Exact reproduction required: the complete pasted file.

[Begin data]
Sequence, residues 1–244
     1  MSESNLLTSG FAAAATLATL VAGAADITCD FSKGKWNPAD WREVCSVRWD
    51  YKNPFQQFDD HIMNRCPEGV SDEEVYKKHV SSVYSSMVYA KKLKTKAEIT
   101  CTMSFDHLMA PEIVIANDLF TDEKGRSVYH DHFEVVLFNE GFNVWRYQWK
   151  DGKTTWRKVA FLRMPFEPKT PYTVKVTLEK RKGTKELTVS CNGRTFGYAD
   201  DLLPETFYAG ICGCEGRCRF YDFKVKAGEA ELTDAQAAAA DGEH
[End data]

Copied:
Sequence, residues 1–244
     1  MSESNLLTSG FAAAATLATL VAGAADITCD FSKGKWNPAD WREVCSVRWD
    51  YKNPFQQFDD HIMNRCPEGV SDEEVYKKHV SSVYSSMVYA KKLKTKAEIT
   101  CTMSFDHLMA PEIVIANDLF TDEKGRSVYH DHFEVVLFNE GFNVWRYQWK
   151  DGKTTWRKVA FLRMPFEPKT PYTVKVTLEK RKGTKELTVS CNGRTFGYAD
   201  DLLPETFYAG ICGCEGRCRF YDFKVKAGEA ELTDAQAAAA DGEH